Aviation watchdog issues warning on India over jet repo fight

India has been placed on a watchlist with a negative outlook by a global aviation leasing watchdog, which said it had failed to comply with international aircraft repossession norms after airline Go First was granted bankruptcy protection. The move by the Aviation Working Group, a UK-based entity that monitors leasing and financing laws, could raise leasing costs for Indian airlines and hurt lessors' confidence just as the world's third-largest domestic market faces record growth.


Such an outlook will "have a direct and material impact on future financing and leases to Indian airlines", AWG told Go First in a letter copied to India's aviation minister. Go Airlines (India) Ltd filed for bankruptcy protection last week, blaming "faulty" Pratt & Whitney engines for the grounding of about half its 54 Airbus A320neos. Pratt, part of Raytheon Technologies, says the claims are without evidence and divert attention from the airline's financial woes. In granting protection, the Indian tribunal ordered a freeze on Go First's assets even though some lessors had already terminated leases and placed requests with the aviation regulator to repossess more than 40 planes. Failure to process the applications before the freeze was imposed, "results in a negative outlook", AWG said in a notice. India's aviation ministry and regulator were not immediately available to comment.

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The dispute comes as Indian air travel is booming and hundreds of new jets have been ordered by local carriers, who depend heavily on foreign lessors to finance plane purchases. It is also the latest test of a 2001 treaty designed to smooth the growth of aviation by protecting repossession rights, which hit headlines when Russia blocked the repossession of jets in retaliation over Western Ukraine-related sanctions last year. India has ratified the so-called Cape Town Convention but has yet to pass a law resolving conflicts with the country's insolvency and bankruptcy code, which is backed by parliament. "Given (this), implementation of the Convention will run into challenges when read with the bankruptcy laws," said Syed Tamjeed Ahmad, co-founder of aviation law firm Spaviatech Law.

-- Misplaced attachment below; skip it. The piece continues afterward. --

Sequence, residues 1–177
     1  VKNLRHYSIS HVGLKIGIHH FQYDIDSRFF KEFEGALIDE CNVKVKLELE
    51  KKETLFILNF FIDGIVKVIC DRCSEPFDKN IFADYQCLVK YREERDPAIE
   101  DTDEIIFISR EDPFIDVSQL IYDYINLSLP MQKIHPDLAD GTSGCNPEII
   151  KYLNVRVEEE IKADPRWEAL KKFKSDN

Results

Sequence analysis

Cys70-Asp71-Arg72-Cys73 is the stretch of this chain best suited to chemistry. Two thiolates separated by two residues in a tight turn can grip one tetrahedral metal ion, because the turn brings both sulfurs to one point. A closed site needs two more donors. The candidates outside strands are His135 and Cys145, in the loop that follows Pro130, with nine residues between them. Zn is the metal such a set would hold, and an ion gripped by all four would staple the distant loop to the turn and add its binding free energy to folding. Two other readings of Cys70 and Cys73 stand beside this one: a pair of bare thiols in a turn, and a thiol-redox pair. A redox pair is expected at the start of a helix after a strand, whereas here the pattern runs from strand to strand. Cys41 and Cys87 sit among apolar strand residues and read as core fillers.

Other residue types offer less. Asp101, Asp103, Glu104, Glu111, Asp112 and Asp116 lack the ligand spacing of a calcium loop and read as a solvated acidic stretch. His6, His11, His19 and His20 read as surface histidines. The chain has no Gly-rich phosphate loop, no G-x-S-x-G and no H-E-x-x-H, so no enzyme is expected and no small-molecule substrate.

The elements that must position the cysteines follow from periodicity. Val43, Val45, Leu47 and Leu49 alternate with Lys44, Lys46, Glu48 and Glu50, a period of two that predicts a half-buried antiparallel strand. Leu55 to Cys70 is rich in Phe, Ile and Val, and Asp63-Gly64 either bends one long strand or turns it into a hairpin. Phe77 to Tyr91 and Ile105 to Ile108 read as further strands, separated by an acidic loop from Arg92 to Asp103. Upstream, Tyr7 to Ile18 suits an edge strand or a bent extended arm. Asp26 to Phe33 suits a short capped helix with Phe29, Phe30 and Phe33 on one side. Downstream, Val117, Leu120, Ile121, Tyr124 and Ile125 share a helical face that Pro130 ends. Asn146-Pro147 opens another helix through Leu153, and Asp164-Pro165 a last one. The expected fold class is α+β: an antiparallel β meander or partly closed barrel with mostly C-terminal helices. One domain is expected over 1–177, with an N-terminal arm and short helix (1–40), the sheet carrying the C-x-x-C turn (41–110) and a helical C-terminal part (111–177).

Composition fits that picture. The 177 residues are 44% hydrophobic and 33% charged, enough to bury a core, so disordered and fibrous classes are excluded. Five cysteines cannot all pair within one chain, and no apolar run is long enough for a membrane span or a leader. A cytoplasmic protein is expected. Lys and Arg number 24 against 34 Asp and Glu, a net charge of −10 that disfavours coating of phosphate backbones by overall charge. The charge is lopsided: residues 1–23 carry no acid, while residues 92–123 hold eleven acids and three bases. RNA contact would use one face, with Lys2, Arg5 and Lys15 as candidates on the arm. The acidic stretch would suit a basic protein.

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Go First's lessors include SMBC Aviation, CDB Aviation's GY Aviation Leasing, Jackson Square Aviation and BOC Aviation. In its letter to the airline's court-appointed administrator at Go First, AWG said the airline has an "obligation" to preserve the aircraft and maintain their value until the creditors and lessors can take possession. AWG is a not-for-profit entity co-chaired by Airbus and Boeing (BA.N). Members include major lessors and financial institutions like Aircastle, BOC Aviation, SMBC Aviation Capital, Deutsche Bank, Goldman Sachs and Morgan Stanley. The negative outlook by AWG is under what it calls the compliance index, which addresses whether requirements under the Cape Town Convention are met in practice. India's score has been reduced to 3 from 3.5 earlier. "If those jets can't get repossessed, everyone in the country pays more. There is a risk premium," said Richard Aboulafia, managing director at Aerodynamic Advisory. The warning is the second in as many months after AWG in April issued an alert about Vietnam's compliance with international norms in a dispute over repossession of four jets.

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Source: Reuters

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